Concerning viral co-infections, in a study in Russia, the prevalence of viral coinfection was 26.1% (11). Studies in China find prevalences of viral coinfection ranging from 3.2% to 31.5% (20,22,31); the virus most frequently found was influenza A, with 47.3% and 49.8% in two different samples of hospitalized patients, while the influenza B virus was found in 2.2% and 7.5%; in the respective samples (13,18). In contrast, the viruses most frequently found in children were respiratory syncytial virus (2.7%), Ebstein Barr virus (2.7%), and cytomegalovirus (2.7%); above Influenza A and B viruses, with 1.35% each. On the other hand, studies carried out in the United States find prevalences of coinfection by influenza A virus lower than those reported in China, such as 0.08% (14), 0.7% (23) or 0.9% ( 19.25); while the influenza B virus was absent in the reviewed studies (14,19,23); other viruses such as rhinovirus / enterovirus were found to be co-infecting in 0.6% (25), 6.9% (19) and 0.73% (14); respiratory syncytial virus in 5.2% (19) and 0.31% (14); while other coronaviruses were found to co-infect COVID-19 patients in 4.3% (19) or less (14). Similar results were found in Spain, where viral coinfection was 0.4% for Influenza A, 0.2% for Influenza B, and 0.1% for a respiratory syncytial virus (8). On the other hand, in a study with 930 patients in Switzerland, coinfection by human coronavirus of 0.54%, rhinovirus of 0.54%, parainfluenza virus of 0.32%, influenza A of 0.22%, adenovirus of 0.11% and respiratory syncytial virus 0.11% (27). On the other hand, in a study of 40 patients in Japan, the viral coinfection for rhinovirus / enterovirus was 27.5%, metapneumovirus 17.5%, coronavirus 229E 10%, coronavirus OC43 7.5%, adenovirus 5%, virus respiratory syncytial virus 5%, coronavirus NL63 2.5% and adenovirus 2.5% (12). Virus superinfection was reported in fewer studies, with a frequency of 15.79% in a study conducted in 38 patients with severe or severe disease (15).
Coinfection Fungal coinfection was reported with a frequency ranging from 0.36% (9) to 23.3% (20), with Candida spp and Aspergillus
being the most frequently reported fungi.
Fungal coinfection was reported less frequently. Studies in China indicate that it remained between 5.26% (15) and 23.3% (20); Lv et al. found that, from the culture obtained from alveolar bronchial lavage in 354 patients, the prevalence of coinfection Candida albicans was 7.5%, Candida tropicalis was 2.5%, Candida parapsilosis was 2.5% and Candida lusitaniae was 2.5% (10). In Italy, in a study of 61 patients admitted to the ICU, it was found that the coinfection by Candida albicans was 23%, by Candida glabrata it was 6.6% and by Aspergillus fumigatus it was 1.6% (30). While, with regard to over-infection, in the United Kingdom, using the GGG diagnostic method in 836 patients, the prevalence for Candida spp was 2.87% and for Aspergillus spp it was 0.36% (9).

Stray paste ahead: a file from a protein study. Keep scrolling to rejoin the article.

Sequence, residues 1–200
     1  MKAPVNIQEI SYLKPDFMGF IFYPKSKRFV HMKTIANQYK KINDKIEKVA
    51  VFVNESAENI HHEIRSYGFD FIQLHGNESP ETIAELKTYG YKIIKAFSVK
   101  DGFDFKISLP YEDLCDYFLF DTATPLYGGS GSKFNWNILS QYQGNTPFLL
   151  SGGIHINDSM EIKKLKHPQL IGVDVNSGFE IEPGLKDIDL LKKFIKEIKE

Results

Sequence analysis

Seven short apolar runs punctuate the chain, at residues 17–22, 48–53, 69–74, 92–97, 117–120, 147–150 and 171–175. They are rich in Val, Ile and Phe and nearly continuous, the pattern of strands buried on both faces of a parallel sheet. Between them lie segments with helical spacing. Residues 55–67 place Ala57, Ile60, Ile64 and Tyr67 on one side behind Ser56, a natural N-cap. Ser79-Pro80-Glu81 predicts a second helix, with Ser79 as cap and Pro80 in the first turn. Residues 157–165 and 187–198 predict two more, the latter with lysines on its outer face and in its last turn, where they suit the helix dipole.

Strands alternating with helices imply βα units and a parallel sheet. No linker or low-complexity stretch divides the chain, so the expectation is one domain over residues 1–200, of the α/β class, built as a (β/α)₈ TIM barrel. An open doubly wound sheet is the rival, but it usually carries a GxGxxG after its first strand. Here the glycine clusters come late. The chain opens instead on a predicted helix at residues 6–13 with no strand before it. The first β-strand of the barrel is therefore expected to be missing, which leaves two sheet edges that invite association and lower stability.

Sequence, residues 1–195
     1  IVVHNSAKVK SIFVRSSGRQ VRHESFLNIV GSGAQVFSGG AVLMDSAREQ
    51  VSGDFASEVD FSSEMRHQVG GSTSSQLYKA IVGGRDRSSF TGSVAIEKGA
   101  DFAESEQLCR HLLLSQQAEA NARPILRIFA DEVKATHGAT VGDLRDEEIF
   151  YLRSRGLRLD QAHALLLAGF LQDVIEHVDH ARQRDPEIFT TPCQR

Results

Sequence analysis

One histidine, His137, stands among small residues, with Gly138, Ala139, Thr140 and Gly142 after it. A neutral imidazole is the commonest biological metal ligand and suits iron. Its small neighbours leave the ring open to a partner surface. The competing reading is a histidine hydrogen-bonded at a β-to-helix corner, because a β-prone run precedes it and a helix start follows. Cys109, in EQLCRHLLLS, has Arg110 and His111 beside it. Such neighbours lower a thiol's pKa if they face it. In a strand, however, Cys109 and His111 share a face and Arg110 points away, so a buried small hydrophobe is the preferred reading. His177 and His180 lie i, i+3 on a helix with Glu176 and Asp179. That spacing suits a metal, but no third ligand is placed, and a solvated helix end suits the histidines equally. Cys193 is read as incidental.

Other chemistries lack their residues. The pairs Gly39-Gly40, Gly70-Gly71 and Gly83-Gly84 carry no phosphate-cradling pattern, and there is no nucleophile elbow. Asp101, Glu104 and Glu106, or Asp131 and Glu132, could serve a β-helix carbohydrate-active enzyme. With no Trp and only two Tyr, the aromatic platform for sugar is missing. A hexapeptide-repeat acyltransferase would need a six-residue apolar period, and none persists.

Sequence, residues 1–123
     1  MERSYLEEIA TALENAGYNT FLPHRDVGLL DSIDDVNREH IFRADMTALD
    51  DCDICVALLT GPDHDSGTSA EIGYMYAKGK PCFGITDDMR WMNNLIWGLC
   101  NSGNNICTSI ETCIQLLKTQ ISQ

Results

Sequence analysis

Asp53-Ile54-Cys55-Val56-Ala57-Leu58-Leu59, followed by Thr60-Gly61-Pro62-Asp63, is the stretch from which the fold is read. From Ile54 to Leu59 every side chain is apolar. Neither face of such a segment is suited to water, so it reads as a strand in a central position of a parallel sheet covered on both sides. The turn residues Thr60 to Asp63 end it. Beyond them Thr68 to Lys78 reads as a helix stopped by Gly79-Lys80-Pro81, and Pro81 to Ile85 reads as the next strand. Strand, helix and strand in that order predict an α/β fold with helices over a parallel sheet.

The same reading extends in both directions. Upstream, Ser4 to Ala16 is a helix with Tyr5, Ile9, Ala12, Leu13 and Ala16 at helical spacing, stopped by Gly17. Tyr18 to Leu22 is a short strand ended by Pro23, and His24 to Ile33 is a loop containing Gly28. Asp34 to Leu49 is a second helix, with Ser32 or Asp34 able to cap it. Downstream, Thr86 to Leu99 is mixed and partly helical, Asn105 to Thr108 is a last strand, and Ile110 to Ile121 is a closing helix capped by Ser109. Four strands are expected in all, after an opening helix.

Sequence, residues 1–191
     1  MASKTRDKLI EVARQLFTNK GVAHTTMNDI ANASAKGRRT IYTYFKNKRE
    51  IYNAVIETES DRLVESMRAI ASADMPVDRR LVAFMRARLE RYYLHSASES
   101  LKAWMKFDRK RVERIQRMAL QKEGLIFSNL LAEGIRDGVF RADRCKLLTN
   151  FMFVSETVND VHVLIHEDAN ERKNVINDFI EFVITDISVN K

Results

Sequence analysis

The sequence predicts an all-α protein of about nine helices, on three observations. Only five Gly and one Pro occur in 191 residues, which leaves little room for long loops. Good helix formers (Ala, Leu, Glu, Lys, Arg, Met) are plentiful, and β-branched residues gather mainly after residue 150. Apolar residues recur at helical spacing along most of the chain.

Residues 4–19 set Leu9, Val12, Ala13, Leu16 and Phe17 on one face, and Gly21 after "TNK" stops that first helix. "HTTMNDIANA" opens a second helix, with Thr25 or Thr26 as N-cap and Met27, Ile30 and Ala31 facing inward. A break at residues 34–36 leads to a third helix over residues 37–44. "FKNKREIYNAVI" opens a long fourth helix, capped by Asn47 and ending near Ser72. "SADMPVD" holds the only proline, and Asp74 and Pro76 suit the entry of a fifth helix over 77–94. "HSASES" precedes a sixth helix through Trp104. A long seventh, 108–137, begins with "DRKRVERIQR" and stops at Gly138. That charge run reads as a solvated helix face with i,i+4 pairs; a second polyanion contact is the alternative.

Risks associated with coinfection
García Vidal et al. indicated that coinfection increased ICU admission by almost double (p =
0.02), but there was no statistically significant relationship with mortality (p = 0.21). On the other
hand, superinfection significantly increased ICU admission (p <0.001) and mortality (p=0.047)
(8). In the same way, Hughes et al. mentions that those patients who had
pathogens identified in their blood had a higher relative risk of death, but not statistically
significant, compared to the initial value of hospitalized patients (P: 0.3543) (9).
On the other hand, Zhang, H et al. (15) indicated there was a lower rate of hospital discharge in patients with secondary infection in a follow-up of 60 days (log rank p < 0.001), greater need for mechanical ventilation (86.36% vs 25%; p < 0.0001) and higher mortality (36.4% vs around 7%). Likewise, Lv Z et al. (10) indicates that when coinfected with bacterial or fungal pathogens, lymphocyte and D-dimer values associated with the severity of COVID-19 were obtained (R = 0.375 p < 0.001).
Regarding mortality, Sharov KS (11) points out that in patients without coinfection it was 1.3%, in patients with viral coinfection 4.2%, in patients with bacterial superinfection 18.2%, and in patients with viral and bacterial coinfection 15 ,1%. In contrast to studies by Ma, S et al. (13) and Wee LE et al. (26) where they indicate that there was no statistically significant association in relation to mortality with coinfected or non-coinfected patients.
Coinfection in critically ill patients
Four studies evaluated bacterial coinfection in critically ill patients (16,21,29,30), with being the common microorganism among the four studies Staphyloccoco Aureus, and were also identified Pseudomonas auroginosa and Klebsiella pneumoniae as the cause of coinfection, superinfection, and bacterial colonization. A study was identified in relation to fungal coinfection in critically ill patients; this study by Intra J et al, mentions that pathogenic fungi such as Candida albicans (23%), Candida glabrata (6.6%) and Aspergillus fumigatus (1.6%) (30). According to Lv Z et al., critically ill patients had the highest mortality, lowest lymphocyte count, highest D-dimer levels, and the highest rate of coinfection with bacteria/fungi (10).